(Guest Post by Heather C. Stephens)
You know that pit in your stomach feeling you get when you’ve been hit with an unexpected car repair? You don’t have the money to fix it, but you’ve absolutely got to have a car to get to work? Add to it that you’ve been working arduously to pay off your credit card debt, so charging is not an option. What do you do? If you’re like me, you try do to it yourself. Sometimes it works…this time it didn’t.
Read on to hear how I turned a money-saving DIY auto repair failure into an opportunity to realize my financial success with a little inspiration from a post I read on Budgets are Sexy.
Here’s the story…
I’m a girl who’s not afraid to pick up a tool and attempt to fix something myself. My dad was a stickler for teaching us girls the practical things in life we may need to know someday. For the most part it’s served me well, although sometimes my confidence trumps my skill.
I can’t cook to save myself, but I love to save money when I can fix things by myself. I’ve been known to rewire part of our 85 year old home, fix the washer and dryer while my husband was out of town, sweat pipes, remodel a bathroom, etc.
Oil Change Leads to True Love
I actually met my husband after one of his friends tripped over my feet while I was changing the oil in my car in the dorm parking lot at college. He was shocked when I rolled out from under the car with a rag in my hand and he asked me what I was doing. He was into rebuilding old cars and was impressed that I (you know, being a girl and all) wasn’t intimidated to change the oil. We became buddies, he introduced me to my husband and we lived happily ever after.
Fast forward, 17 years–I now pay for my oil changes, but that willingness to try to fix it myself before calling in the pros has stuck with me. My husband cringes when I get an idea to start a project because I’m always willing to take on more than he is. Sometimes I’m rightâ€¦this time I wasn’t.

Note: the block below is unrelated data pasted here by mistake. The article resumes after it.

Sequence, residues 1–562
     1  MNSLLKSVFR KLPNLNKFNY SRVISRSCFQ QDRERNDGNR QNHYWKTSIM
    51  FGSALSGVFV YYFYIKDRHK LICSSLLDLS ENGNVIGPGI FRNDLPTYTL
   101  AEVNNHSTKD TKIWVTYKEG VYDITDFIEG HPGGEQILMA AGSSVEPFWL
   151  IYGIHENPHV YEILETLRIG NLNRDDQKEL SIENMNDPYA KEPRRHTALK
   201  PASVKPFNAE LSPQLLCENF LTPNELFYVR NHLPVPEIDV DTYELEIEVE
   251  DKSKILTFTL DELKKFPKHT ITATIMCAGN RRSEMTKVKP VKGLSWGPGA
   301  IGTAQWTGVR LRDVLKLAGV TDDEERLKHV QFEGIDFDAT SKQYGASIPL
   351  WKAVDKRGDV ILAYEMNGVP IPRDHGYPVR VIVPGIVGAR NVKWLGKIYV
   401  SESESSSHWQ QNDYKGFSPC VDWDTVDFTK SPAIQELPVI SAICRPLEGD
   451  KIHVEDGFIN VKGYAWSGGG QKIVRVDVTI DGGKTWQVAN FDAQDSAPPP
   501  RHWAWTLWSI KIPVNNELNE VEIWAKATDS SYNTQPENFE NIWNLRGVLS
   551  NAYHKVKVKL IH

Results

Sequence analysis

Failures Opportunities for Improvement
While I seemed to have been able to master most things my dad taught me, I have never felt confident in the areas of budgeting and personal finance. I lived by the attitude that if Visa could fix it, it wasn’t really a problem and I handled emergencies by charging them if we couldn’t pay for them out of our checking account.
Since I started blogging for the online coupon site, FatWallet, I’ve started reading financial blogs, the finance forums, and putting the things I’ve learned into practice. We’ve really worked hard to cut our spending, shop smarter, and get our personal finances under control with a simple budget. We’ve been rapidly paying down credit card debt and I’ve been super diligent to not charge a penny.
Mom’s Money Saving DIY Auto Repairs
So when our electric window on the driver’s side of the car broke last summer I told my husband that I’d just live with it until we could afford to fix it. It was inconvenient going to the bank or a drive through, but overall it wasn’t an issue. That was, until I took it to get the oil changed and the mechanic rolled the window down and we couldn’t get it back up.